Project Description

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Let’s See Why You Need Advanced Naming Therapy


Advanced Naming Therapy helps people with aphasia and cognitive-communication impairments practice word-finding and other higher-level expressive language skills. Four engaging activities guide you to work on thinking of the right words, organizing your ideas, improving your efficiency, and speaking clearly.

Taking over where our best-selling Naming Therapy app left off, Advanced Naming Therapy moves beyond confrontation naming strategies to give you more to talk about in new ways.

It can be so difficult to find therapy activities challenging enough for more mild language problems, but with the 1,250+ exercises in this app, you won’t get bored. There’s always a way to make it harder so you can continue to improve.

  • Create sentences around common verbs
  • Generate words in categories against the clock
  • Compare and contrast related concepts
  • Describe funny and interesting pictures
  • Available on Apple App Store and Android Google Play Store

Benefits for the Speech-Language Professional

  • Evidence-Based Tool
  • • This app makes the evidence-based VNeST method very easy and accessible to start using.
    • Quick assessments of semantic and phonemic verbal fluency with published norms.
    • Use whichever techniques are right for your client with these interesting stimuli.

  • Right for So Many Clients
  • • Aphasia? Check! Work on sentence creation, word-finding, and longer utterances.
    • Cognitive-Communication? Yep. Mental organization, speed of processing, and flexible thinking.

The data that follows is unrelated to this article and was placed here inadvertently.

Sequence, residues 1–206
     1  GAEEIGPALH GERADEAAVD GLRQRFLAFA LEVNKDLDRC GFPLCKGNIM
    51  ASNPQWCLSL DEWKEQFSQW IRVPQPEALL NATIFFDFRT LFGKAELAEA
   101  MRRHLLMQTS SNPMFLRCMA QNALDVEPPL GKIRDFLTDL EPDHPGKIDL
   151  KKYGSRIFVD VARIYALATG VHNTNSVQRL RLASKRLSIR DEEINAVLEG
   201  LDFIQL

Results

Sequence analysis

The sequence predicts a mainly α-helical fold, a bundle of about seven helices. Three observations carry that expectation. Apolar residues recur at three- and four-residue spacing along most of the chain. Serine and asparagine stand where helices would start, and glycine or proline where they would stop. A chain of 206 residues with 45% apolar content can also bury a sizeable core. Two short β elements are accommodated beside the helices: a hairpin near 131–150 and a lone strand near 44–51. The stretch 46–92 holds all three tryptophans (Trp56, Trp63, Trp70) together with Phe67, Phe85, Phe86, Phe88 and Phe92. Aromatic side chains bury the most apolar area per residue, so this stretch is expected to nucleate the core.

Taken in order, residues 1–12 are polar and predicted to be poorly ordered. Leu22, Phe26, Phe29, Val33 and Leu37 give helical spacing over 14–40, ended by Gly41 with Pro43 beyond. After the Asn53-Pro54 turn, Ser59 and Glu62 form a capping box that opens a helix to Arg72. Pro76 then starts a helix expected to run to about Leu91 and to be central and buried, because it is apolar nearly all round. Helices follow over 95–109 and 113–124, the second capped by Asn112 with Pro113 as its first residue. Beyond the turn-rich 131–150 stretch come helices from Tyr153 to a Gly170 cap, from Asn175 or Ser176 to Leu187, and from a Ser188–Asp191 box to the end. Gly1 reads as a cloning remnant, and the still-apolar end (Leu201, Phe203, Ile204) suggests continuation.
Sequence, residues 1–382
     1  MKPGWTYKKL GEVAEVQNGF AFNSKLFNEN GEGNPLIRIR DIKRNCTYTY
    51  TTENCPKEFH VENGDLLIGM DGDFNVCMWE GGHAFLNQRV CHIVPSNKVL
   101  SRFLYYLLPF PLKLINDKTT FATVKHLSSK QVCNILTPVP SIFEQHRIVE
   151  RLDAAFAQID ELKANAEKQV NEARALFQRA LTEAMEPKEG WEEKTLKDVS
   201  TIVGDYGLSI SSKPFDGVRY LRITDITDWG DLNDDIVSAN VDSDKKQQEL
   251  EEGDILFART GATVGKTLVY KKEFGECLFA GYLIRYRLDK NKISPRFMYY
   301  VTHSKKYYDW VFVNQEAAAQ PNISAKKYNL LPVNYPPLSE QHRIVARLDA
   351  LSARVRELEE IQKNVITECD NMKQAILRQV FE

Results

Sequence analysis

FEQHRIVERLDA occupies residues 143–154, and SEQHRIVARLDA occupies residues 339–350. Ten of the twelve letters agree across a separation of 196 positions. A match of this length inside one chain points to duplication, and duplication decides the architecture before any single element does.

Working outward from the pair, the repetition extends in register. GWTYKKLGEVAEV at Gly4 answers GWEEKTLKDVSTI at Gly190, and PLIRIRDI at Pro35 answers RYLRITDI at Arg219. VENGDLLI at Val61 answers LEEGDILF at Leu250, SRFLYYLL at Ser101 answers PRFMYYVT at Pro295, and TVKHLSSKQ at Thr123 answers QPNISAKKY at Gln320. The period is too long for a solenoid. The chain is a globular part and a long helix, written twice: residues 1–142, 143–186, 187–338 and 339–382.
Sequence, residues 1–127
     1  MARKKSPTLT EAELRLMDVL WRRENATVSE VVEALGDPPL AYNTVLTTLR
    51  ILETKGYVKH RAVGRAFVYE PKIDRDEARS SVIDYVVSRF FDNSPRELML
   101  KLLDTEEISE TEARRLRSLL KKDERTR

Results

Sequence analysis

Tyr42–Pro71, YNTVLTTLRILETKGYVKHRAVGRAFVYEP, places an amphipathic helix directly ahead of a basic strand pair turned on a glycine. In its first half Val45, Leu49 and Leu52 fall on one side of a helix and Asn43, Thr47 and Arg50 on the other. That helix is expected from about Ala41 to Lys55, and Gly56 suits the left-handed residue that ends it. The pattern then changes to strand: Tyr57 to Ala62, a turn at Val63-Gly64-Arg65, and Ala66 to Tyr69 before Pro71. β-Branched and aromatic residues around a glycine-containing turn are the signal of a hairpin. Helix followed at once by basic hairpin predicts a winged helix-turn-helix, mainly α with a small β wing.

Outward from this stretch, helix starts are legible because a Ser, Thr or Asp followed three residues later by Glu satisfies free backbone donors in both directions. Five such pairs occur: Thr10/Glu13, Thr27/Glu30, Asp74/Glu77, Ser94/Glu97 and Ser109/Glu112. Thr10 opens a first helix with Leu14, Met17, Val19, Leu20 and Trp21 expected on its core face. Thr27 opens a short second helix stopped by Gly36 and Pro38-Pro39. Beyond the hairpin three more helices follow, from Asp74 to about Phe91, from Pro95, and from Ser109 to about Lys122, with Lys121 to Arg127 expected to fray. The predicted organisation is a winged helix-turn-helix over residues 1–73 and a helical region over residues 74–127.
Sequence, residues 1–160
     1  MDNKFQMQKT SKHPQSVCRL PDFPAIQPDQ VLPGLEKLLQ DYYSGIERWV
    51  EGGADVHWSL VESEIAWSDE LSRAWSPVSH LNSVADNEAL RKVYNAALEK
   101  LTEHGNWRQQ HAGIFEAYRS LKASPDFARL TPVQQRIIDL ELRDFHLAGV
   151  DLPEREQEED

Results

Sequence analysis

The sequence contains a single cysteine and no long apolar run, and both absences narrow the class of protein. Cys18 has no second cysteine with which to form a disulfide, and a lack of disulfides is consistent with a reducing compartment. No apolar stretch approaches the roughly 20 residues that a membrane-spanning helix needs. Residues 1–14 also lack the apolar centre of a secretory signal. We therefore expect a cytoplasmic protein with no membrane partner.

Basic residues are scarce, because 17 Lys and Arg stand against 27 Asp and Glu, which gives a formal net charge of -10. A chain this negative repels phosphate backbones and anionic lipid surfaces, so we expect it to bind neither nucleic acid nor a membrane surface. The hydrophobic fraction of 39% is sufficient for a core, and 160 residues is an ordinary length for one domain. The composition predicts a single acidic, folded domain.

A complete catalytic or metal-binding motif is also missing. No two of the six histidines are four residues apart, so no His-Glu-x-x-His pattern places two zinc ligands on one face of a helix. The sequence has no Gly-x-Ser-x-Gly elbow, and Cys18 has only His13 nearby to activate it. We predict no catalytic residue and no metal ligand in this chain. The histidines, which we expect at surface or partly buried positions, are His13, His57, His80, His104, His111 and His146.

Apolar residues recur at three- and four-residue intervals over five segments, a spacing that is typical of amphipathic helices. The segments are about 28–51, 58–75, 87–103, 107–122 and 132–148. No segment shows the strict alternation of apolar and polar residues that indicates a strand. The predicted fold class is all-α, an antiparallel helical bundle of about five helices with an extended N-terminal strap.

• Dysarthria? You betcha. Describe pictures with clear speech in barrier activities.

  • Advanced Materials
  • • Abstract concepts, idioms, synonyms – this app can challenge your most mild clients.
    • Funny pictures, concrete categories, common verbs – this app is perfect for moderate clients too.

How to Use Advanced Naming Therapy for Home Practice

For people who find most apps and exercises too easy, this app is for you! Even if you’re no longer in therapy, you can work with Advanced Naming Therapy to challenge yourself to find the right words, find them faster, and organize your language better. Your speech therapist can help you figure out which settings and exercises are best for you, but if you are on your own, try this:

  • Start with Create and go through each of the 7 steps. If it’s too hard, use the multiple choice cues.
  • Try Generate, starting with the first category and moving down the list to get harder. Set a Countdown Clock or higher target in the Settings.
  • Open Describe to talk about the pictures you see. Explain them to a partner who can’t see them, then show them.
  • Compare and contrast starting with the first category, then moving down the list to get harder. Write out your answers for more challenge.
  • E-mail your reports and recordings to your therapist or a family member to share your progress.

What People are Saying about Advanced Naming Therapy

Advanced Naming is the app I have been waiting for! It is perfect for my clients with aphasia who have advanced beyond Language Therapy 4-in-1. My favourite features are the sentence generation activities in “Create” and the “Funny Foods” category in “Describe”. So far, I have used this new app mostly with people with aphasia, but am eager to try “Compare” and “Generate” with my clients with TBI as well. Thank you!
Wendy L. Duke, MSc, RSLP, CCC-SLP, Columbia Speech and Language Services
Advanced Naming Therapy is fabulous for groups. No more scouring magazines for unusual photos to spark interesting conversation. Even the more passive members of the stroke group gave their attention to the photos, describing them and adding to the conversation about what was silly or strange. “Create” walks clients through the VNeST approach using colour-coded question prompts and written word choices, allowing the client to practice 250 verbs independently once they are familiar with the task. So nice!